VHS Video Tapes
VHS video tapes – You may or may not ever have seen a videotape in the flesh but they look a bit like this (see below image) and you may have caught a glimpse of them in your grandparent’s or relative’s house. Although they are old, those videotapes may contain fantastic home movies or old production projects – you can digitise these on to USB drive or DVD and make sure the footage lasts for generations to come (and it takes up less space!).
Old videotapes come in several different formats, so make sure before you digitise them to know which format you have. We have included the rough dates that these formats became available so you can scrub up on your pub-quiz knowledge too!
VHS Video Tapes – 1977
Let’s start on one file type that most people will know, The VHS video tapes. VHS (Video Home System) was the most beloved and popular video format of all, the chunky, black, book-sized tape that you would have to lovingly rewind every time it finished for the next person.
VHS was the ruler of the video market, and virtually the only format anyone used for home movies. It was the dominant format for two decades until it was finally toppled by DVD in the late 1990s. It was the Home Video format bringing us the tagline “Be kind, Rewind”.
BETAMAX – 1975
Betamax became the first home videotape format available for purchase and use by the general public in 1975. This dominance ended quickly due to the release of the mighty VHS tape that launched a few years later, continued to maintain its popularity until the release of the DVD.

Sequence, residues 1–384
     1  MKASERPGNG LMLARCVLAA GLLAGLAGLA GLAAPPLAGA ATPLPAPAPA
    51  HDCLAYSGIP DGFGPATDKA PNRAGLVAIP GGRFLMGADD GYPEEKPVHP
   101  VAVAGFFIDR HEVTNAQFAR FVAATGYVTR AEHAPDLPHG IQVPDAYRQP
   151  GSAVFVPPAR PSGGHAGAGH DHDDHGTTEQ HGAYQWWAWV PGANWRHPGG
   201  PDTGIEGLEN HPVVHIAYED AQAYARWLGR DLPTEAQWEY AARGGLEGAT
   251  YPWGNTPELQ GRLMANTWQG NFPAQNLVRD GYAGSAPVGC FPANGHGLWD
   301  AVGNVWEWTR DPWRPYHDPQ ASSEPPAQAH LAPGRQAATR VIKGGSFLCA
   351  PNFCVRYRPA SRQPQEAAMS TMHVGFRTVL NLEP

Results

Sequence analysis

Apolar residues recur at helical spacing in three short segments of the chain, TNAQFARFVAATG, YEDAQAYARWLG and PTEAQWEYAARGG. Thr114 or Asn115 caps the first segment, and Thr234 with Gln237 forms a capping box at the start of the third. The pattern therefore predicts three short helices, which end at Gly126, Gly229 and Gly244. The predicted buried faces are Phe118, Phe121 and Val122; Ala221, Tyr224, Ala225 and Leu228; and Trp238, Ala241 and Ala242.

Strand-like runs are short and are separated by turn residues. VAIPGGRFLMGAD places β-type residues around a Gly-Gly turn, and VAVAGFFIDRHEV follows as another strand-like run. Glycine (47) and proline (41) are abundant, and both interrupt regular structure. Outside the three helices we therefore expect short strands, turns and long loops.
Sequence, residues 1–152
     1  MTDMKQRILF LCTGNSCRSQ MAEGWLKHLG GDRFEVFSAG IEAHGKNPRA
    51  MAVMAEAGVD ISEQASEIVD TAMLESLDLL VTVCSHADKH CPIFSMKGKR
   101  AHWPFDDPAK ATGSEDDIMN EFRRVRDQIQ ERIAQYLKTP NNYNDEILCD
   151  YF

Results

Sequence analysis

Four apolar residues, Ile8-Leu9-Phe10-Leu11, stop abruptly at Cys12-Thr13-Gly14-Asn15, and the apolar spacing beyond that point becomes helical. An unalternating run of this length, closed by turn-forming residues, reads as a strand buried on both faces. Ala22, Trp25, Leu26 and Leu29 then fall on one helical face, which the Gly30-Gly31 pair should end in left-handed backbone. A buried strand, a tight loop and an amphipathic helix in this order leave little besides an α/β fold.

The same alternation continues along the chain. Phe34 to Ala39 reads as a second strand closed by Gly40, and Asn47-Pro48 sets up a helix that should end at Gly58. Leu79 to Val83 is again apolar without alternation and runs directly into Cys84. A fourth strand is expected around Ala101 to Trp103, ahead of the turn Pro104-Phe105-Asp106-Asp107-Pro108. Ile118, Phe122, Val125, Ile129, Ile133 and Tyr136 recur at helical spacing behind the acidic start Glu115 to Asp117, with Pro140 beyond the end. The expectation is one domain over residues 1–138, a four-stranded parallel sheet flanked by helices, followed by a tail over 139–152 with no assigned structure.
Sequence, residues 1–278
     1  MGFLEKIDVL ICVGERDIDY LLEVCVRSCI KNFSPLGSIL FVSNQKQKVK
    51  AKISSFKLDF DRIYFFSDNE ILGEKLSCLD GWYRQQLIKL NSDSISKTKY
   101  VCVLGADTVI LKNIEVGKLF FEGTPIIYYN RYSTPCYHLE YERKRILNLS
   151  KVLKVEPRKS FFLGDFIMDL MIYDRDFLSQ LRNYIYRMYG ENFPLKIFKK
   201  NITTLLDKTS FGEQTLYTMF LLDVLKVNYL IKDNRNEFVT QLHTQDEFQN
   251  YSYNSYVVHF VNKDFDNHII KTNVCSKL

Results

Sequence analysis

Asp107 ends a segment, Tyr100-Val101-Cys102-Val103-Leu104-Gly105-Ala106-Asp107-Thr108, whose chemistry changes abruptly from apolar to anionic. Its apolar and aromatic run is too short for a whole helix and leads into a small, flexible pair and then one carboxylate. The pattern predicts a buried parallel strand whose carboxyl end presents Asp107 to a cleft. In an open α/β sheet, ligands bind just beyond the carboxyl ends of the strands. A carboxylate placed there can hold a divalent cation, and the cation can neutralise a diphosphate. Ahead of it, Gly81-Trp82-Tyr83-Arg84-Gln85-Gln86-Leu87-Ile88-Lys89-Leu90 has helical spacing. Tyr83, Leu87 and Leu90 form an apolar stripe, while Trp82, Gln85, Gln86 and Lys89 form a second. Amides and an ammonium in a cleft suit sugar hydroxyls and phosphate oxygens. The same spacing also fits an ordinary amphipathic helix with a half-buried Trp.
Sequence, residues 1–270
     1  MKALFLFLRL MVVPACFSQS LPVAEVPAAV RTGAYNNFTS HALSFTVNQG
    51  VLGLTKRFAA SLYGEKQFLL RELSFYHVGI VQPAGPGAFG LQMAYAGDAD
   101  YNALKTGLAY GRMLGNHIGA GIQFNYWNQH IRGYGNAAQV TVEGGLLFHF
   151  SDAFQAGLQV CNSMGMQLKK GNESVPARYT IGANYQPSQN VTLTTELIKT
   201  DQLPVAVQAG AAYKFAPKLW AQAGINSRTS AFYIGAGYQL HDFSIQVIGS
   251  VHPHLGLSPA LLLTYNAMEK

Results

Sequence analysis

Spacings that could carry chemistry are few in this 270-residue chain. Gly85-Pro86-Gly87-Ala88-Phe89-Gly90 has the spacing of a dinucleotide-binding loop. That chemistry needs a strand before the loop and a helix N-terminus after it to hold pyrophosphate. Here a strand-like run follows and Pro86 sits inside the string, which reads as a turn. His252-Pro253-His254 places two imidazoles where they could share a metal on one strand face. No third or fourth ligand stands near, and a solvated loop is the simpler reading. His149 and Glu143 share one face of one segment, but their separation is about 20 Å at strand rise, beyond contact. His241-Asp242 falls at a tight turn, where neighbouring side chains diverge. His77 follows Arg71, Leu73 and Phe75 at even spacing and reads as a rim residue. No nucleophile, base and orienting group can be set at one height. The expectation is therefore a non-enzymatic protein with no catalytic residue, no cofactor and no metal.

VHS-C – 1982
This videotape format was the small, more compact version of the VHS video tapes. Since the VHS-C camcorders converted from a heavy piece of equipment to smaller, portable cameras, this video format made filming home videos much simpler.
MINIDV – 1995
Around the mid-’90s, as technology significantly improved and storage capacity increased, the videotape started to shrink in size, becoming approximately 20% smaller than its predecessor, the VHS-C.
VIDEO 8/HI8/DIGITAL 8 – 1984/1988/1999
The introduction of Hi8 and Digital 8 revived 8mm film in different years. Sony released the Handycam in 1985, making Video 8 a quickly popular format. Hi8, offering better resolution and more storage, came out in the peak of the 1990s. Finally, Digital 8 was released by the eve of the new millennium, providing customers with digital recording options and storage. You may find that these formats hold precious home video memories from the past.
MICROMV – 2001
Lastly, but by no means least, Micro MV came out with the smallest ever video file format. If you can’t imagine how small the Micro MV was, then you can imagine it was 70% smaller than the Mini DV and that was small! This was the best thing until digital formatting came onto the scene as the most popular (DVDs and memory sticks and thumb drives).
Where can I find a service to convert my VHS video tapes to digital?
Considering how to convert VHS tapes to DVD or digital? Keep in mind that, generally, the video formats mentioned are outdated, with the exception of some that professionals still use. As a result, you risk losing all the content on your old videotapes or cine films.
Videotapes don’t last forever, and they weren’t designed to. A great way to permanently store those videotape memories, or at least extend their lifespan significantly, is to digitize them.
Supaphoto can digitize your videotapes by converting them into high-quality video and audio files. Unsure about the formats? We can assist you in identifying them and ensuring their safe transfer to digital/DVD files. What to do with old videos in the UK is often a top concern for people. By preserving your videotapes, we can guarantee that these memories will endure for generations.